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I am creating a "hand made" HTTP 1/0, 1/1 server. I recently integrated zip lib so now I can stream encoded gziped data in and out. I wonder Which major browsers (alive ones - IE6-IE10, Chrome, FF, etc) send Accept-Encoding: deflate, gzip, ... and so can handle Content-Encoding: gzip today? Which of them send any quality expectations? Which of them can send encoded gziped post request and multypart/form data to my server?

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Basically every browser nowadays supports deflate/gzip. This page lists many browsers and version numbers. Here's a summary plus some newer browsers:

  • Netscape 6+ (Netscape 4-5 does, but with some bugs).
  • Internet Explorer 5.5+ (July 2000) and IE 4 if set to HTTP/1.1.
  • Opera 5+ (June 200)
  • Lynx 2.6+ (some time before 1999)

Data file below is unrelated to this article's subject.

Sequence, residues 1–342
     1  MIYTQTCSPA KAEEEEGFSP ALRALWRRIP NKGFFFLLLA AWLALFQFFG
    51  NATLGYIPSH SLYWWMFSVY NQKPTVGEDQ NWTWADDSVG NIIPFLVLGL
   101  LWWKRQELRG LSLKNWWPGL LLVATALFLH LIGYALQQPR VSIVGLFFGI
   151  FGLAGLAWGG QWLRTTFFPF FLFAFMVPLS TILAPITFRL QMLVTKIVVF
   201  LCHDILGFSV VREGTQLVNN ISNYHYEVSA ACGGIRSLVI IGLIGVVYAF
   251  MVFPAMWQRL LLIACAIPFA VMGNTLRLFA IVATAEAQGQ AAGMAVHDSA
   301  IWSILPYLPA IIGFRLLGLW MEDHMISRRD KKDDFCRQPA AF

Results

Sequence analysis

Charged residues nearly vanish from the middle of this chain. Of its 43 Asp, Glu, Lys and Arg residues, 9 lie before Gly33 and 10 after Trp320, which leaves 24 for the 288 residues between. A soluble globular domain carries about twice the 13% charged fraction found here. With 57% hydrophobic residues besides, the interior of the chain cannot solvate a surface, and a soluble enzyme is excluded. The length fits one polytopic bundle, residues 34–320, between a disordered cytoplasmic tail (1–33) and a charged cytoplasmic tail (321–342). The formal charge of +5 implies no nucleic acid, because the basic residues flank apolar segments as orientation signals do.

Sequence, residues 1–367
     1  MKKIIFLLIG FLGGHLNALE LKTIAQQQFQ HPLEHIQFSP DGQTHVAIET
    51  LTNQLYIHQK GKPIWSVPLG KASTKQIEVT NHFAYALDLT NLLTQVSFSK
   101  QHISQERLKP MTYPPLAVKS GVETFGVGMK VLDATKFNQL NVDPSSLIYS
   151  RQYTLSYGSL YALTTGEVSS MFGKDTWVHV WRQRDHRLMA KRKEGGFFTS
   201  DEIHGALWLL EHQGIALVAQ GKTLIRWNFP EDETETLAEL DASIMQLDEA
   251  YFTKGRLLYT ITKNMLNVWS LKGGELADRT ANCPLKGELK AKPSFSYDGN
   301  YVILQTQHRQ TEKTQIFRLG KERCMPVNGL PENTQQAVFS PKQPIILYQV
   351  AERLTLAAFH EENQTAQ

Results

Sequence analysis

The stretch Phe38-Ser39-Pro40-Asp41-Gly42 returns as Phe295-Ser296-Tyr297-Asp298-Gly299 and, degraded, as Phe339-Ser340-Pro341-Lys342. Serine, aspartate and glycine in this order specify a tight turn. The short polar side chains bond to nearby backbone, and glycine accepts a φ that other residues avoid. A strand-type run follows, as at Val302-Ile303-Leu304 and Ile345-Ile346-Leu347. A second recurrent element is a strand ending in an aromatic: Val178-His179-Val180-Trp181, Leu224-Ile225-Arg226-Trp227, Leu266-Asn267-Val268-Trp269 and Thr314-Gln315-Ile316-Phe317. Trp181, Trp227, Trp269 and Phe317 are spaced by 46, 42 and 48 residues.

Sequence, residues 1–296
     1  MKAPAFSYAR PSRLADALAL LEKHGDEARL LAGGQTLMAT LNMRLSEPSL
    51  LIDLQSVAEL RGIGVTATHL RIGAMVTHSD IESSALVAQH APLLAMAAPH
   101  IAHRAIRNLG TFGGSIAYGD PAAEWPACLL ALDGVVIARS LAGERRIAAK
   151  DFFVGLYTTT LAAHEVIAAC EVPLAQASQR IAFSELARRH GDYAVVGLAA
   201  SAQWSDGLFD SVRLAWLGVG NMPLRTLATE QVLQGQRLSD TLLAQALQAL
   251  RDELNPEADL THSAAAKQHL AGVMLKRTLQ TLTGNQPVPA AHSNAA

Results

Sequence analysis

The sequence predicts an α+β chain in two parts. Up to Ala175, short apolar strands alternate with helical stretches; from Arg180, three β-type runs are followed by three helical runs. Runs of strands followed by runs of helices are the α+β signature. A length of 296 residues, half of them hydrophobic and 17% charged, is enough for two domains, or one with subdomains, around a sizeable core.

• Firefox 0.9.5+ (October 2001)
  • Chrome since forever
  • Safari since forever (as far as I can tell)

As you can see: for almost 10 years, there's full support, and (almost) nobody uses a more than 10 year old browser.

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+1 I was kind of confused, as this seems like a non-existent problem. @user1049847 maybe you need to expand your question above? –  Su' Nov 19 '11 at 10:02
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And to add to this, no browser will send a gzip compressed request but almost all accept a gzip compressed response. See "Why can't browser send gzip request?" on StackOverflow. –  Marco Miltenburg Nov 19 '11 at 10:18
    
@Su' is right - any browser that supports gzip will send the Accept-Encoding header so you don't need to care exactly which browsers support this. Send gzip when they tell you they're able to receive it. –  DisgruntledGoat Nov 19 '11 at 13:51
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The question is relevant. If you are serving static files from Amazon S3, MS Azure and others (as many do) you won't be able to dynamically respond to the accept-encoding header. Also compressing on the fly puts an added load on the CPU. –  QF_Developer Sep 27 '13 at 18:56
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